I’ve encountered questions where I’m asked to find out the CO2 released, the number of oxidative carboxylations etc. in the Krebs tricarboxylic acid cycle. I always include the pyruvate dehydrogenase reaction (sometimes termed the ‘link reaction’) that converts pyruvate (from glucose) to acetyl-CoA which then feeds into the Krebs cycle. However my answers are only considered correct for certain questions, while for the others they are not.

How do I decide if a reference to the Krebs cycle includes the pyruvate dehydrogenase reaction?

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    $\begingroup$ It would help to get examples of such specific questions, where you got it right or wrong, to understand the point of confusion. $\endgroup$ Commented Apr 1, 2022 at 22:53
  • $\begingroup$ I have rewritten your question in a format that is more precise scientifically and focusses more on the scientific question, rather than your person difficulties interpreting your teachers' questions. If after reading and understanding my answer you still are puzzled by your marks you should ask your teachers why you were marked incorrect in particular cases. I see from an internet search that the term "link reaction" is used at an elementary level. This is imprecise and not used by biochemists, which is why I have substituted pyruvate dehydrogenase reaction. $\endgroup$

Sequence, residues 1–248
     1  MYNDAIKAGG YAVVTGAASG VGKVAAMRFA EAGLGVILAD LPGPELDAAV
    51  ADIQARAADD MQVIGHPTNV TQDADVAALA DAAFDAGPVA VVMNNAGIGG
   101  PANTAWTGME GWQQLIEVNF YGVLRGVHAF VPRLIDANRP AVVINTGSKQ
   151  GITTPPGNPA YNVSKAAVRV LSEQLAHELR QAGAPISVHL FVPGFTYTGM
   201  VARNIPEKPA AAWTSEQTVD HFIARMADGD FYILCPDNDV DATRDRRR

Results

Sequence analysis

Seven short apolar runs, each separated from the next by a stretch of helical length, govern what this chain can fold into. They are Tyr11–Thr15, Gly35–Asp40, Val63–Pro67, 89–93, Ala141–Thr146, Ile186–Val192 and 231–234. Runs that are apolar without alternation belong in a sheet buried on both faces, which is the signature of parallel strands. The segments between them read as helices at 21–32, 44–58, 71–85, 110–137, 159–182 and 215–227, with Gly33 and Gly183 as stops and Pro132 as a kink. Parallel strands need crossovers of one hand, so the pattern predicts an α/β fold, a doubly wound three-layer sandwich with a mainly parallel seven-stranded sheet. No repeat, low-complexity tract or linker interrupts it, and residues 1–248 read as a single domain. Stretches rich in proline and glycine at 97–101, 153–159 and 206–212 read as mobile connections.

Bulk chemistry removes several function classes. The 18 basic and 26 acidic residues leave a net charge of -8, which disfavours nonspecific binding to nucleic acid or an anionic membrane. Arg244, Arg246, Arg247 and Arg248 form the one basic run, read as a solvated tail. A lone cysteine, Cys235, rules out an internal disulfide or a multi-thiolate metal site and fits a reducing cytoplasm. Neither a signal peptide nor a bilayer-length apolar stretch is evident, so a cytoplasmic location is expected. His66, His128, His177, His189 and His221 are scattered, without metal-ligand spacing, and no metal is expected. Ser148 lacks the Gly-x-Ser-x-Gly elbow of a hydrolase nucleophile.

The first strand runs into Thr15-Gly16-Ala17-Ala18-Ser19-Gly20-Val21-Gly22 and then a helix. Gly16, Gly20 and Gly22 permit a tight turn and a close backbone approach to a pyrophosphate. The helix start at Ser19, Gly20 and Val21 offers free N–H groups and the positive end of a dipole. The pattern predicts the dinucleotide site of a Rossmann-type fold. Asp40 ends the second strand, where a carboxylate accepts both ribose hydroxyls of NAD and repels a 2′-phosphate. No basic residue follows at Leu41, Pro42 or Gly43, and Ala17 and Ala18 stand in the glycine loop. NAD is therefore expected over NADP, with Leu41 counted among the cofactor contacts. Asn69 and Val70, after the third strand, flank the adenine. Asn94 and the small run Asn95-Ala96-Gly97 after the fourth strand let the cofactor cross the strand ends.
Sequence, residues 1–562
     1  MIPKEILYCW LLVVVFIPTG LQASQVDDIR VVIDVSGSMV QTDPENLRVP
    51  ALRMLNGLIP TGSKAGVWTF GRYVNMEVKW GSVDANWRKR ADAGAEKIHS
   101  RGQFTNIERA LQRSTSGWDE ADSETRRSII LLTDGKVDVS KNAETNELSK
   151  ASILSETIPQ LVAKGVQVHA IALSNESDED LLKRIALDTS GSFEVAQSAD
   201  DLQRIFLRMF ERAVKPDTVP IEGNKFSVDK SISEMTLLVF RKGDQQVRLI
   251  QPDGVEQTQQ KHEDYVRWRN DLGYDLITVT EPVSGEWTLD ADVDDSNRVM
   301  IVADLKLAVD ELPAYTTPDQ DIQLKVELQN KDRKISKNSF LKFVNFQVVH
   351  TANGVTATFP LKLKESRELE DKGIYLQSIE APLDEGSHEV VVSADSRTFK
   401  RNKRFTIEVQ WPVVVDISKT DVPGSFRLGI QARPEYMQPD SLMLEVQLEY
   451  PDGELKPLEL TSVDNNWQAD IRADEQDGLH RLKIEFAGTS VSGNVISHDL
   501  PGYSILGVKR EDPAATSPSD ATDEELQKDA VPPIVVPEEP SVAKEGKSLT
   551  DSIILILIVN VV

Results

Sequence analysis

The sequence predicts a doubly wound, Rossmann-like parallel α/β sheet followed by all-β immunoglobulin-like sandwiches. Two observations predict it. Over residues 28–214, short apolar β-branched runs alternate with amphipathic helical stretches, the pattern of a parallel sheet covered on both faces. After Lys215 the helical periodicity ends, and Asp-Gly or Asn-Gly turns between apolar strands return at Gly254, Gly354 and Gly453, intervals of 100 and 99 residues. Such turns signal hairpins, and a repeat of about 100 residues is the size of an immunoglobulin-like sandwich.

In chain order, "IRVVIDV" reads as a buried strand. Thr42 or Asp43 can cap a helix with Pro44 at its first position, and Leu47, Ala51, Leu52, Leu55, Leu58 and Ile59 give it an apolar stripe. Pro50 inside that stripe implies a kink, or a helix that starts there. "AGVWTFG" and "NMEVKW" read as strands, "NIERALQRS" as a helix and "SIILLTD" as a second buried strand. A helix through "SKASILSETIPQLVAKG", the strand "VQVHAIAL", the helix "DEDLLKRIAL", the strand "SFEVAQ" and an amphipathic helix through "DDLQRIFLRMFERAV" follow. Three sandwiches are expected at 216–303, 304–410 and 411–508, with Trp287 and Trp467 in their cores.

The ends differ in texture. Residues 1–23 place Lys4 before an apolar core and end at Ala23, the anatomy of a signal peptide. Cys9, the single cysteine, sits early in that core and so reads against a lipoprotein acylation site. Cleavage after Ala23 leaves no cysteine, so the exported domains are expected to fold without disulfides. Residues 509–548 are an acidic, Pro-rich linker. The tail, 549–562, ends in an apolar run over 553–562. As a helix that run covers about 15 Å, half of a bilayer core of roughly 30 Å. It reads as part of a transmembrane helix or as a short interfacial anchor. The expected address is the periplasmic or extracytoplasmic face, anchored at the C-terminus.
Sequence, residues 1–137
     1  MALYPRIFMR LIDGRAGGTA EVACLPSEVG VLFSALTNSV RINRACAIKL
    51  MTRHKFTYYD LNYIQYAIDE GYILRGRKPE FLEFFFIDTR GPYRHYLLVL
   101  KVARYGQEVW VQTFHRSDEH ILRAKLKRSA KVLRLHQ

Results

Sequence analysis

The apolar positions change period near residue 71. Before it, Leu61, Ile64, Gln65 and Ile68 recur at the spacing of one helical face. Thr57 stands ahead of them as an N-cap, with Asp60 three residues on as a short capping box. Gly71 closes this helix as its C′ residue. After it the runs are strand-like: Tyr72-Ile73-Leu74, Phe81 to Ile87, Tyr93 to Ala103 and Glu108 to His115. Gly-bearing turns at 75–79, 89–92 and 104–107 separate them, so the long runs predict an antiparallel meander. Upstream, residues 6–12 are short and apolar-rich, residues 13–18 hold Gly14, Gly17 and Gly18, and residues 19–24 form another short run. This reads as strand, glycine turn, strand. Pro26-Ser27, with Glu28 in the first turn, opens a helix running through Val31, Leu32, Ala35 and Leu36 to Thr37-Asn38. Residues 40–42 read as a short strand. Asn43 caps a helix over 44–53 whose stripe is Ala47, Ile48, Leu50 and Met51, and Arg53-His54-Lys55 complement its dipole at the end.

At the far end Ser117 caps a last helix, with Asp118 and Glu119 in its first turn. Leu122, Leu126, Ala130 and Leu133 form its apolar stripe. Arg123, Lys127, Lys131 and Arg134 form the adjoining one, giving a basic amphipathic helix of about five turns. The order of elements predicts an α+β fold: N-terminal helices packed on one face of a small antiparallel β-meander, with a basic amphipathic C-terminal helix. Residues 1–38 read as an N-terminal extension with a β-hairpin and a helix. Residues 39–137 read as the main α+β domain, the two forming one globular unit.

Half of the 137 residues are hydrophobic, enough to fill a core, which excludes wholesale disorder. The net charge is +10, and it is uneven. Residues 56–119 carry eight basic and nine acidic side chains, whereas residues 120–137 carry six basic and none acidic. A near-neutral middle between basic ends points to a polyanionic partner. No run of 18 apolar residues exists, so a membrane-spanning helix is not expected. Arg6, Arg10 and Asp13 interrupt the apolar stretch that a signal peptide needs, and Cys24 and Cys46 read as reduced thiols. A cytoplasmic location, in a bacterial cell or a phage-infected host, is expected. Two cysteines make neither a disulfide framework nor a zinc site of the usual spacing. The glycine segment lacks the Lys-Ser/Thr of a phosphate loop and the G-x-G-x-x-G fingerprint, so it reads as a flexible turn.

– David
    Commented Apr 2, 2022 at 10:59

1 Answer 1


It is outside both the remit and competence of this site to divine the intentions of university teachers in questions that they set to students. What we can do is explain the scientific points that may be at issue, in this case why:

the Krebs tricarboxylic acid cycle does not include the pyruvate dehydrogenase reaction.

  • First is the obvious fact that the pyruvate dehydrogenase (PDH) reaction is not part of this cycle of linked reactions, any more than the conversion of glutamate to α-ketoglutarate (2-oxoglutarate) is.
  • But even if you consider acetyl-CoA as somehow “starting” the cycle, the PDH reaction is not required to generate it. Acetyl-CoA can also be produced from the breakdown of fatty acids or certain amino acids.
  • Further, acetyl-CoA produced from pyruvate need not feed into the TCA cycle: in some circumstances it is converted to malonyl-CoA and to fatty acids.

The diagram below (a fossil of my biochemistry lecturing career) illustrates some of the various possible inputs into the TCA cycle in a general sense:

TCA cycle and inputs


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